But nothing will impress me more than Darth Vader.  Okay, so his name was not Darth Vader.  I don't know his name.  I never really fully entered the room, well, I did, but only long enough to say that I did enter the room.  He was a large snake, Python or Boa.  I am not sure which, but he was big.  His girth had to be 16+ inches in circumference.  It took two people to escort him into the hospital.  What was most eerie was his illness.  He had an upper respiratory infection that needed treatment and was the reason for his visit.  As you stood in the room, the snake would breathe.  A normally silent breath, was quite audible due to inflamation in the airways making a sound reminiscent of Darth Vader.  It was eerie and fascinating.  The snake was given an injection of antibiotics, and sent home with more medicine.  As far as I know, he did well.  As far as I know, so did I.

For those of you who read the previous blog, I want to add this information.  For those who did not read it, head on back! 

I went online to try to identify the snakes we have seen in the yard.  I have narrowed it down to either an

Eastern Garter Snake

or a Western Ribbon Snake

As I continued to read about snakes in Iowa, I found that while these little guys that I have become familiar with are not endangered, several snakes in Iowa are endangered, and some of them are venomous.

The Copperhead Snake and the Massasauga Rattlesnake are endangered Iowa snakes.  It is illegal to kill or collect these species in Iowa. They are venomous snakes. 

While snake bites, even venomous ones, are not mandated to be reported, there are an estimated 8,000 venomous snake bites per year within the US, up to 12 of them being fatal.  The Massasauga can deliver a fatal snake bite even hours after it is dead!  The Copperhead, although endangered in Iowa, is quite common in other areas of the country, so is not at risk of extinction.  Both of these potentially deadly snakes are  protected creatures by Iowa law.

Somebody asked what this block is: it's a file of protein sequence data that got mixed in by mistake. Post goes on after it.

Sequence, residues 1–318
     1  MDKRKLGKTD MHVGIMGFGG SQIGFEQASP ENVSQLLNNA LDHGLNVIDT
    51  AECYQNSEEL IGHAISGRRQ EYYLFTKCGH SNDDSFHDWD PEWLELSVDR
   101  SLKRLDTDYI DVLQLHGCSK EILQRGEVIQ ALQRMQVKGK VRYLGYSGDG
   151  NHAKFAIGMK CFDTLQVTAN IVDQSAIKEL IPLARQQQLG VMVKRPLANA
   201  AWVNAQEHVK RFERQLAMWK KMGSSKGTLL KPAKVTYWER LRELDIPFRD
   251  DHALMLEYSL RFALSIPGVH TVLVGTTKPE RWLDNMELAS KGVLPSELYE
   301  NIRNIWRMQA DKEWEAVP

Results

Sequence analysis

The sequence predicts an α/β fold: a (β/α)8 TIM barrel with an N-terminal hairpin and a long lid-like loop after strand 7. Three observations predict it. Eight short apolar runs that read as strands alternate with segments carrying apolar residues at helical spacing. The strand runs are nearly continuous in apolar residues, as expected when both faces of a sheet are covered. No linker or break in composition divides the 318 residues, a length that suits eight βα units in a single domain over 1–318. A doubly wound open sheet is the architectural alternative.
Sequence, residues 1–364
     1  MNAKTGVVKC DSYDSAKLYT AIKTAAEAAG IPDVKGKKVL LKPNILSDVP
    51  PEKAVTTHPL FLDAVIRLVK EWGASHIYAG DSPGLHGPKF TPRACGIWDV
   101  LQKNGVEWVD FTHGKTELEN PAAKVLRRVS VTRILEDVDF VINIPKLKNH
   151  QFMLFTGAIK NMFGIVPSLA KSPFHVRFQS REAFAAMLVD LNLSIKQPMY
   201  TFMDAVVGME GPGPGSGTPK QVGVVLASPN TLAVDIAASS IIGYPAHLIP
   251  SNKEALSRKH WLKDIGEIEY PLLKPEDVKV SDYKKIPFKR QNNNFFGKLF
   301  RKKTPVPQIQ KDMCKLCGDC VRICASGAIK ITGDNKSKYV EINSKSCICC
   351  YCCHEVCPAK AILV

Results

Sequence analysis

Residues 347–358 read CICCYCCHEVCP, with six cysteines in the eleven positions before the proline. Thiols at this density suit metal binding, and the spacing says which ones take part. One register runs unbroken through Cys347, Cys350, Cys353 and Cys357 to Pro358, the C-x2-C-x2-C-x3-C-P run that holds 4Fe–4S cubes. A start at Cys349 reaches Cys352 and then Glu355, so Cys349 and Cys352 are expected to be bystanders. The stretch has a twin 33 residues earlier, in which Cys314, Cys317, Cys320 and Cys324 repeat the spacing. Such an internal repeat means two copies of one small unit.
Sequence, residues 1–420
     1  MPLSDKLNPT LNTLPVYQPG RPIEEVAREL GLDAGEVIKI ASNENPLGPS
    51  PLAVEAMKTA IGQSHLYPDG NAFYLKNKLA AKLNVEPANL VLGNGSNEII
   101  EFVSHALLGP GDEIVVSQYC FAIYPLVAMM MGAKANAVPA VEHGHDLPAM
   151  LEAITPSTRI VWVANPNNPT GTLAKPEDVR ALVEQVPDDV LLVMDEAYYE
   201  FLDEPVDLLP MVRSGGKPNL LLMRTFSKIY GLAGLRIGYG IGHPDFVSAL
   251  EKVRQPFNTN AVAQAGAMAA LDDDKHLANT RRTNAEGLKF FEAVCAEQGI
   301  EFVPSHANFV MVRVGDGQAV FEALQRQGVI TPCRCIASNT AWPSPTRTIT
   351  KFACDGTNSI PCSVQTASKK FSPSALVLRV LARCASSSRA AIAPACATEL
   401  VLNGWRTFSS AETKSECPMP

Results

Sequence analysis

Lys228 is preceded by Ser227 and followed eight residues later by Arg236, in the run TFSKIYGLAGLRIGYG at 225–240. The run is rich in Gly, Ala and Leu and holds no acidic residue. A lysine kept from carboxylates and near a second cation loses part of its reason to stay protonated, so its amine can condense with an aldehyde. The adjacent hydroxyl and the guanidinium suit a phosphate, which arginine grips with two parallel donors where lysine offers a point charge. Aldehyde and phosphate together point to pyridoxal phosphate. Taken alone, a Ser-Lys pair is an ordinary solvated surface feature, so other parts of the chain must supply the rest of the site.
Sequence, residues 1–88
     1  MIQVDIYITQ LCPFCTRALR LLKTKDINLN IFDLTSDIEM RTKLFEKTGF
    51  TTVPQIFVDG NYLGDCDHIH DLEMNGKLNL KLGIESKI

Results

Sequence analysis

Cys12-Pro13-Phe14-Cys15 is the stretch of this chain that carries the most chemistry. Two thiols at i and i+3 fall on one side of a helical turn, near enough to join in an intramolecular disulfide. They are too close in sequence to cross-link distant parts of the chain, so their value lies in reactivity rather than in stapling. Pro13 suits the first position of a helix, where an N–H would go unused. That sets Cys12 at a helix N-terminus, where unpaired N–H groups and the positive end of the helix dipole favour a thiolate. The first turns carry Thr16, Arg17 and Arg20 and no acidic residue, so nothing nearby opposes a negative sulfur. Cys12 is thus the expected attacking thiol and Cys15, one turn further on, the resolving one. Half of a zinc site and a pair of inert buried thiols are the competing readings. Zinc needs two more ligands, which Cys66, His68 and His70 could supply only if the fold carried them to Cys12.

It makes me wonder, with only one mountain lion sighting being confirmed in Iowa in five years (and that confirmation was through the killing of that cat), why mountain lions are not on Iowa's endangered species list and protected.  It is obvious to me that other potentially dangerous creatures make the protected list, so why not these cats?  Mountain Lions are responsible for less than one death per year within the entire US and Canada, and yet venomous snakes are responsible for approximately 12 deaths per year within the US alone.  We won't mention our friendly hunters this time around.

I am not suggesting that the venomous snakes should be removed from the endangered species list. Although I would rather not run into one of them on a long walk, I do think these creatures also have their place in nature.  Neither mountain lions nor snakes should be kept from the endangered list simply due to human risk, since they are both ecologically valuable creatures. 

If a person can be fined or imprisoned for killing a poisonous snake, I would think the same should be true for the unprovoked killing of a mountain lion perched in a tree.

To quote the DNR, "The tolerance or intolerance of humans will dictate whether they (mountain lions) will ever be able to get a foot hold in the state. Some sort of legal status in the Iowa Code will be necessary. In the meantime, their possible presence in Iowa has generated considerable excitement both pro and con and only time will tell whether they once again will become designated wildlife in the state."

Now, I think I will go to bed, and have nightmares about snakes.  Good night.